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April 09, 1980 - Image 5

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The Michigan Daily, 1980-04-09

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The Michigan Daily-Wednesday, April 9, 1980-Page 5

'AMERICAN GIGOLO'

Schrader turns a

cheap trick

BY CHRISTOPHER POTTER
I went to Paul Schrader's American
Gigolo for the second time last week,
hoping to discover some previously un-
perceived element in this strange film
that would jostle my curiosity, that
would somehow justify the film's
generally good reviews and its thus far
highly profitable box office.
There's no director I'd be more
willing to give a second chance: In suc-
cess or failure, Schrader seems to me
the most idiosyncratic, original
American filmmaker at work today, an
artist whose ample share of flops have
often proved just as fascinating as his
hits. While other current writer-
directors wallow in nostalgia or in outer
space, Schrader probes the contem-
porary American psyche with a
singlemindedness that - until now -
has been both courageous and in-
triguing.
SADLY, Schrader is also an artist
inmistakably at war with himself. His
classroom adulation for the austere,
existentialist-tinged cinematic
"minimalism" of French director
Robert Bresson seems forever at odds
with the naturally gregarious, hipster
vitality which has throbbed through his
work with an audacity which could only
be called funky American.
It's regrettable that Schrader's tex-
tbook inclinations appear for the'
moment to have triumphed over his
*naturalist spirit. American Gigolo is
am emotional-spiritual blank - it is
America through the eyes of a
European academician. The film is an
'irless, formalistic work, as barren and
uninvolving as any effort imaginable by
a serious American director. Schrader
has seized on a potentially fascinating,
rerboren subject - male prostitution -
then coldly, systematically drained it of
interest. He never burlesques or
trivializes his subject - rather, he
*lobotomizes it, shrinking his volatile,
troubled characters into wraiths of an-
droid gray. Concentrate though you
may on the film's premise and plot,
your mind soon slithers into far fields of
consciousness, groping desperately for
some sensory alternative to those
strange, sterile humanoids emoting
hollowly up there on the big screen.
Julian Kay (Richard Gere) is a male
practitioner of the world's oldest
profession, yet he's hardly a poverty
class hustler in the high-class hau',ur of
the Beverly Hills upper crust, renting
his bodily services out to rich, lonely
society matrons with beds to share and
cash to burn., "I know what you like,
pretty lady, I know just what you
need," he croons with a suave zeal as he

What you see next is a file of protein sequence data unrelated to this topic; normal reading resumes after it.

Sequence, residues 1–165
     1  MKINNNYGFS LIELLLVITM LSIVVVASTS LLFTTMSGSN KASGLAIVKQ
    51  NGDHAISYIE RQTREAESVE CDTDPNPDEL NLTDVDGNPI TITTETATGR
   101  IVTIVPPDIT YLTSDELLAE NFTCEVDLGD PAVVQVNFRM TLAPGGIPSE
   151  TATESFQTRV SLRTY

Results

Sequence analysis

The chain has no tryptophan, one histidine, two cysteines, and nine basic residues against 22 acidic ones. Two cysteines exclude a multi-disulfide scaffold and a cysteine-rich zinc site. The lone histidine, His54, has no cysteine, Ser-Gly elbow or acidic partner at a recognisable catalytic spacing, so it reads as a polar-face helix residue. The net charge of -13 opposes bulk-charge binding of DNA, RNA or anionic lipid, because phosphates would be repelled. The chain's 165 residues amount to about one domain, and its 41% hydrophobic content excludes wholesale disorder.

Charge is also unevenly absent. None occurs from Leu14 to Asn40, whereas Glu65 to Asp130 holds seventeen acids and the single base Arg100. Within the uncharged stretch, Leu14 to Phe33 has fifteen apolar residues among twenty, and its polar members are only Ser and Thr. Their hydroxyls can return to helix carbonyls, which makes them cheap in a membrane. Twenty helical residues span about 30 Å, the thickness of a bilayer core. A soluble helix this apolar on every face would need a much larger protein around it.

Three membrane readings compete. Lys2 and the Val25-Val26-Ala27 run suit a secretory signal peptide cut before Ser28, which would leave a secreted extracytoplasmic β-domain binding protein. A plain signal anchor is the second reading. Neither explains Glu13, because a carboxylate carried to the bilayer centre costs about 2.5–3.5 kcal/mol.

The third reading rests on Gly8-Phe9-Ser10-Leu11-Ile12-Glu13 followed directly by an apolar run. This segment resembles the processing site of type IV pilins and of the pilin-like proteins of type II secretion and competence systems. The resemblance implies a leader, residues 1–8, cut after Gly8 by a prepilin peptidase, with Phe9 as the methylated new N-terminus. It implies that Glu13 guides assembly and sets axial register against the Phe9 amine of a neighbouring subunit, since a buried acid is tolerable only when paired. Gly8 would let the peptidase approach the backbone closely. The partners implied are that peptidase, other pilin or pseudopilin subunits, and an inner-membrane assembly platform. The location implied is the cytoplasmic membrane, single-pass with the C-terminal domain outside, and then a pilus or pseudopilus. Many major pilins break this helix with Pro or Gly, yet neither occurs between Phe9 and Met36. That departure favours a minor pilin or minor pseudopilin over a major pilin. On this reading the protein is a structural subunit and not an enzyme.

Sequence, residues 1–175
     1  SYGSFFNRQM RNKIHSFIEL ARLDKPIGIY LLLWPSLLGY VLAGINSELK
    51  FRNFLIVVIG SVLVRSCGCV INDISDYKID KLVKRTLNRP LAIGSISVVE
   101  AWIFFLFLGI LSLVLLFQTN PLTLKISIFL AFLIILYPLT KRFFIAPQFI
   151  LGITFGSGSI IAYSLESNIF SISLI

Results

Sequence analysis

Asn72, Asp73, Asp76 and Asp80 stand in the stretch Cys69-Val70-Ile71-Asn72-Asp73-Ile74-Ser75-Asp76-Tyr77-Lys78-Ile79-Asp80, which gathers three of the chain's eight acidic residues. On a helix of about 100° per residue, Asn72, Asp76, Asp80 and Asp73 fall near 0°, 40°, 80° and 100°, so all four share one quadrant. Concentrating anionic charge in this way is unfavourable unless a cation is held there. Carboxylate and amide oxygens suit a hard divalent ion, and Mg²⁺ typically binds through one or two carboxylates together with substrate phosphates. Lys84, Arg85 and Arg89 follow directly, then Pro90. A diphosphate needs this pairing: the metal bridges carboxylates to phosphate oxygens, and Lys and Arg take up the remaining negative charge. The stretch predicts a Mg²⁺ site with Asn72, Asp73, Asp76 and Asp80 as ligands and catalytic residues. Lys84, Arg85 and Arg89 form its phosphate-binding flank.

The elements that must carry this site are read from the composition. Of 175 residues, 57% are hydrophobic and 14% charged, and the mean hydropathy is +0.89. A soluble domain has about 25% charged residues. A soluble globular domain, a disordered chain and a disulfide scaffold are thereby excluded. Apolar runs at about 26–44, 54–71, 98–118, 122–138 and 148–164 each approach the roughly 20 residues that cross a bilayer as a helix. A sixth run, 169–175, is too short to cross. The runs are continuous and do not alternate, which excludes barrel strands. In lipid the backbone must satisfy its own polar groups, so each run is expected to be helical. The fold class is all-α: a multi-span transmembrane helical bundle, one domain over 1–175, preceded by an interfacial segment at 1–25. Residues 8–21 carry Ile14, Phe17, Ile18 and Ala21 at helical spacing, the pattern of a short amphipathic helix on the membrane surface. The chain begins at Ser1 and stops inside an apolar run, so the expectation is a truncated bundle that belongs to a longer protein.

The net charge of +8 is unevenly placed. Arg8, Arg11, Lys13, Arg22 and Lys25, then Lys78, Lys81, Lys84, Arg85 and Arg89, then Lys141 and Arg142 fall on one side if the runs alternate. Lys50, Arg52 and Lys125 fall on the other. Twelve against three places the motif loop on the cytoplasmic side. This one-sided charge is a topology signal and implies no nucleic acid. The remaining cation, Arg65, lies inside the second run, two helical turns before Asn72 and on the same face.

ministers to his clients with the slick
assurance of a neon saint.
JULIAN PURSUES his amoral trade
with a seraphic, almost priggish
righteousness - he won't do
homosexual tricks, he won't do S & M.
He muses with nostalgic pride over his
beneficient works: "This woman hadn't
had an orgasm in ten years. It took me
nearly three hours to get her off - for a
while I didn't think I was going to make
it." Young women hold no allure for
him - "There's no challenge. It has no
meaning." When questioned by a police
detective, Julian spells out his altruistic
credo:
Cop: Doesn't it ever bother you,
Julian - what you do?
Julian: Giving pleasure to women?
I'm supposed to feel guilty about that?
Cop: But it's not legal.
Julian: Some people are above the
law.
Cop: And how do these people know
who they are?
Julian: They know.
Julian rigidly dichotomizes his work
from its monetary benefits - which in-
elude a Mercedes, a galaxy of clothing
and a chic, cavernous, book-lined apar-
tment complete with maid service and
dial-a-breakfast. Here Julian basks in

monastic isolation, barricading himself
from his nightwork life ("Women don't
come here," he stbrnly lectures a
hopeful, horny female visitor).
YET OUR protagonist's neatly com-
partmentalized existence rests on

perilous underpinnings. His friend
Leon, an urbane black pimp whom
Julian occasionally works for, sounds
the warning: "You walk an awful thin
line, Julian. All those three, five-grand
tricks - you're gettin' awful cocky. If
those bitches ever turn on you - you're
through."
Sure enough, Julian's tightly con-
trolled world begins to unravel. He fin-
ds himself covertly framed on a murder
rap; simultaneously, he finds true love

camera avoids naked flesh like the
plague, tilting away or slowly
dissolving with a ritual modesty so iron-
clad that when the director unexpec-
tedly inserts a lengthy, semi-frontal
nude shot of Julian lounging against his
bedroom window, the scene comes
across like an out-take from an entirely
different, ribald film.
Indeed, though sex is the core of
Gigolo's essence, it is rarely even
discussed in anything resembling an
uren Hutton, a desirable but lonely
L Schrader's 'American Gigolo.'
erotic mode. In Julian's world, it is
strictly business -dollars and cents,
kink or straight. Schrader never at-
tempts to explore "Nthe arcane
psychology behind sex for sale; he
could have cast his protagonist as any
high-powered executive fighting an in-
ner-office coup by his peers and barely
disturbed the film's plot and at-
mosphere a single iota.
Gigolo lacks any hint of spontaneity
or energy. Its characters move and
speak haltingly, almost painfully, as if

and Gigolo's performers, alas, fall well
short of Olympus. As Julian, Richard
Gore manages the unusual feat of being
simultaneously sexy, intelligent and
boring. He never for a moment lets you
on the inside of Julian's slowly en-
veloping panic as his world distin-
tegrates. There's no risk in Gere's per-
fo'mance, no, sense of something mor-
tal at stake; through pleasure and pain,
his face and manner remain in a fixed,
cast-like synchronization - handsome,
haughty, imperturbably glacial.
SURPRISINGLY, Lauren Hutton
fares better with the thankless part of
Michelle. Her intelligent, painstaking
attempts to extract a living role out of a
total void indicate she may have at last
surmounted the model-pretending-to-